Reproducibility analysis results in Table 2 show that the mean deviation of cell geometry ranges from −0.09 mm to 0.06 mm, while the standard deviation varies in the range between 0.24 mm and 0.51 mm. Considering the residual deviation of the best-fit alignment, it can be stated that the 3D printing process can reproduce the geometry of a single auxetic cell with high accuracy. Conversely, the arrangement of the single modules in the modified ring shape (Figure 9) differs more significantly from that of the nominal CAD model because of the constraints and deformations imposed by the neighboring cells in the circular configuration.

3. Compression tests and results

3.1 Experimental results for single module jounce bumpers

To evaluate the performance of the 3D-printed NPR jounce bumpers and conduct a comparison with previous studies in the literature, compression tests were performed using an Aura 5T machine (Easydur, Arcisate, Italy). The first compression test of the single-module NPR jounce bumper was carried out at a speed of 3 mm/min, which is different from the speed of 50 mm/min proposed by the guidelines (Wang et al., 2016a, 2016b). However, the test was replicated at 50 mm/min to compare the results and evaluate the influence of the strain rate [Figure 11(a)].

The use of numerical simulation as a method to mimic the behavior of a multimaterial jounce bumper for design purposes was also investigated. To limit the computational time, the axial symmetry of the auxetic ring module was exploited, and only a single cell [Figure 11(b)] was modeled in the numerical analysis.

The simulation explicitly promoted convergence owing to the type of phenomenon studied. In the numerical simulation, a rigid contact condition was imposed on the nodes of the lower and upper surfaces of the cell in contact with the lower and upper plates, respectively. The lower plate was constrained and fixed, while a vertical displacement of 5 mm was imposed on the upper plate. A test duration of 6 s was set to achieve a moving speed of the top crosshead of 50 mm/min, as required by the guidelines (Wang et al., 2016a, 2016b) for the compression test. To reduce the simulation time, a discretization with tetragonal elements having a minimum size of 0.2 mm was chosen. With these parameters, the simulation lasted 3 h, and the results were compared to the experimental ones in Figure 11(a).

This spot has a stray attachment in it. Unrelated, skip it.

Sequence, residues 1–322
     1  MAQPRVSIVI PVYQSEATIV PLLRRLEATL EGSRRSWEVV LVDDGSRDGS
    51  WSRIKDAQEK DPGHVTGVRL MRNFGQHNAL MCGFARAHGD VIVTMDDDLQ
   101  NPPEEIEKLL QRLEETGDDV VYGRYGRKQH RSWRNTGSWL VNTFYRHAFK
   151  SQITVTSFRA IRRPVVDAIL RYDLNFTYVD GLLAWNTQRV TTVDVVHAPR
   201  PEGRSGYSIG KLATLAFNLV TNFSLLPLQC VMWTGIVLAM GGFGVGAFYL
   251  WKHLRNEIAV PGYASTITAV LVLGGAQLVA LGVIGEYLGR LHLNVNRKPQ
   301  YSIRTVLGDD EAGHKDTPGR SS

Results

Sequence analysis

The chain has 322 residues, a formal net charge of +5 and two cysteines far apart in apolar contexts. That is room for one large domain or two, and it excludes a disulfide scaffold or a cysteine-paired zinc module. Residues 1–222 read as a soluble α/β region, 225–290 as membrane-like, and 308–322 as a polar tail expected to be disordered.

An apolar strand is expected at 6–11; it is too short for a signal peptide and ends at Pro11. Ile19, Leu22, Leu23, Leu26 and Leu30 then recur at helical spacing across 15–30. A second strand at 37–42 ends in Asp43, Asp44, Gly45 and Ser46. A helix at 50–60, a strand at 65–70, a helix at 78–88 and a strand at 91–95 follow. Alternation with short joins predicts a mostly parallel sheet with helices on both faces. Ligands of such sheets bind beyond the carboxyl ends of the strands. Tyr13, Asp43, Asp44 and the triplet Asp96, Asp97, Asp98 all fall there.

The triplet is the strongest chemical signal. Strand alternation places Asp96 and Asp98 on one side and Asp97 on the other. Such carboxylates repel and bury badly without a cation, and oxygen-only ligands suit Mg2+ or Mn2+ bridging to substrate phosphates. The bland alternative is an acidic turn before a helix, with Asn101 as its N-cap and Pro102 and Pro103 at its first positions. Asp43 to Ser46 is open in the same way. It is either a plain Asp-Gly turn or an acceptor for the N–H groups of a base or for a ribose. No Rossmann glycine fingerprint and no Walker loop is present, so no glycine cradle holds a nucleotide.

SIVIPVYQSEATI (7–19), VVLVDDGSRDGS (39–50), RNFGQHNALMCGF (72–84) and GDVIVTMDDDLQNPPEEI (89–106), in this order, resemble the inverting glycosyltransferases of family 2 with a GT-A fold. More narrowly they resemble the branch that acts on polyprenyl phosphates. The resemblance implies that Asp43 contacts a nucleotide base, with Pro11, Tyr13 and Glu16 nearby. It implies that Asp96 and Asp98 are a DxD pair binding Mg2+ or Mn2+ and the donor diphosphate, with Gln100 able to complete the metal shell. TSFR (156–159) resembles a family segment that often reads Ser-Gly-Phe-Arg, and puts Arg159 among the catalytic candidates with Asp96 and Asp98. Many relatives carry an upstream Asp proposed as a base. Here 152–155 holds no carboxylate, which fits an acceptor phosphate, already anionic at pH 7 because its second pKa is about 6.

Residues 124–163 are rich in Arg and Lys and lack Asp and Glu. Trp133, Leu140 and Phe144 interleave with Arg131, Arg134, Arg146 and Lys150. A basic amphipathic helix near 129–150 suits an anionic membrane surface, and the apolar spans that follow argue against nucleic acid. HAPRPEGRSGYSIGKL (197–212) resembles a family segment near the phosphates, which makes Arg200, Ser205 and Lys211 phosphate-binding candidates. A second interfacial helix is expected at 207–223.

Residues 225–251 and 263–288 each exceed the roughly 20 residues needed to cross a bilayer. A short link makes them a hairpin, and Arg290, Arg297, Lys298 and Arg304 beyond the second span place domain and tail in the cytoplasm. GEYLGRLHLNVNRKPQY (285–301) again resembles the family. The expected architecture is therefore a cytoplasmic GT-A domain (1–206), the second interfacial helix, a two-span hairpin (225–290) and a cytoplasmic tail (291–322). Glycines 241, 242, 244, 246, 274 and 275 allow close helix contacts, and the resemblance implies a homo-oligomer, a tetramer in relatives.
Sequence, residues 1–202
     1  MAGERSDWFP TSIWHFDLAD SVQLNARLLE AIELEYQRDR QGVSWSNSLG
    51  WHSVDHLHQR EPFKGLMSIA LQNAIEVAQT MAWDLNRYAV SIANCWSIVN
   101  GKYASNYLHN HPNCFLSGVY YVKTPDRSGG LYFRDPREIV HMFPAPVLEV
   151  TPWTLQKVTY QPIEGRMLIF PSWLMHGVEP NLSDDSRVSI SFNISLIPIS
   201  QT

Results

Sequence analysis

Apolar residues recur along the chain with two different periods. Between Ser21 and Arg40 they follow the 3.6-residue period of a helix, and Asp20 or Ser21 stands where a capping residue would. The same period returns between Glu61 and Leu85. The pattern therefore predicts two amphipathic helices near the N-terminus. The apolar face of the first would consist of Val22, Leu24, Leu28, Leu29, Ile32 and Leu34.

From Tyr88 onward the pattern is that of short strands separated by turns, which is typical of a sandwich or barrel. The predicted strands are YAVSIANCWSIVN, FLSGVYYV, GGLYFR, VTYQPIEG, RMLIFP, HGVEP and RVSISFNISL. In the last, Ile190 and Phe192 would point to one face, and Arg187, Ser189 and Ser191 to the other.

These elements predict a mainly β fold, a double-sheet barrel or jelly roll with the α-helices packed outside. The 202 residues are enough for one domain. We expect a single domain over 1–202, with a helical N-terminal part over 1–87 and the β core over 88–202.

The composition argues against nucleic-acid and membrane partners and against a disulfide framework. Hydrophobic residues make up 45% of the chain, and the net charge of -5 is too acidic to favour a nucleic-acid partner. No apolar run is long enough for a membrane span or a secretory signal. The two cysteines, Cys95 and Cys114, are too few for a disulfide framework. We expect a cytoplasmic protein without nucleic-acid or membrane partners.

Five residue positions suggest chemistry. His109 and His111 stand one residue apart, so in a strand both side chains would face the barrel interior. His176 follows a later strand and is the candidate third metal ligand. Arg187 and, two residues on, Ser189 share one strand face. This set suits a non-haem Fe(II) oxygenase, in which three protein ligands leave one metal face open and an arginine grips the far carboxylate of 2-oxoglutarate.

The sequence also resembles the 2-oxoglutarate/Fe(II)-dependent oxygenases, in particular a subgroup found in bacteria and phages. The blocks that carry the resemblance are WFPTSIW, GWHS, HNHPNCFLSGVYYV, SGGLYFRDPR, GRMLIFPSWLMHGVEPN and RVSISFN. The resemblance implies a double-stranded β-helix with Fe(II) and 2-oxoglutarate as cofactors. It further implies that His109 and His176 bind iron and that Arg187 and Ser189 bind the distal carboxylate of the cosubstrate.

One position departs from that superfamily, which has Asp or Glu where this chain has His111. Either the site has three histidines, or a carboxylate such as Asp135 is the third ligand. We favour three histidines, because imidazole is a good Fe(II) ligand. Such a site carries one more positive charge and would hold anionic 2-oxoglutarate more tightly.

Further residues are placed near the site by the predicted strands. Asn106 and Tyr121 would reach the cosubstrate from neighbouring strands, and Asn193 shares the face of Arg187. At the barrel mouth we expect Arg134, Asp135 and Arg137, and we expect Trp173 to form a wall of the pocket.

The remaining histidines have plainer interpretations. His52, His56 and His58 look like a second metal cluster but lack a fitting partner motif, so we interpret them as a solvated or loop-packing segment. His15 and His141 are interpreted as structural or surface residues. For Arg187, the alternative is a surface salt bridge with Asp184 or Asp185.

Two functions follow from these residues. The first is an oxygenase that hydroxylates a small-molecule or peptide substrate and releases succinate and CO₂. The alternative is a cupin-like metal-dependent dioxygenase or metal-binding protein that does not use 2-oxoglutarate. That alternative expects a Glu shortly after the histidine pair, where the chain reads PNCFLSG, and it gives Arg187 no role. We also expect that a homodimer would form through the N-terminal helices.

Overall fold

The divergence between the experimental and simulated curves can be attributed to the constraints imposed to simulate axial symmetry and mesh quality. However, it can be concluded that the numerical results approximate the experimental results satisfactorily. Thus, the simulation approach can be used in the initial design of the jounce bumpers to predict the real behavior of new NPR structures.

Furthermore, from the graph in Figure 11(a), it can be concluded that the higher testing speed did not lead to substantial changes in the behavior of the component, except for a partial delay in the response when the applied load increases at about 3.5 mm of displacement. Consequently, it can be assumed that the test results were not dependent on the compression speed for the examined rates. Therefore, all subsequent compression tests were performed at a speed of 3 mm/min to better monitor the deformation of the 3D-printed jounce bumpers.

3.2 Experimental results for multiple module jounce bumpers

Because of some unsuccessful prints, it was decided not to produce multiple-module jounce bumpers as one piece apart from the double-module one [Figure 8(c)]. However, to increase the height of the jounce bumper, a total of four single-module NPR rings were 3D printed [Figure 12(a)].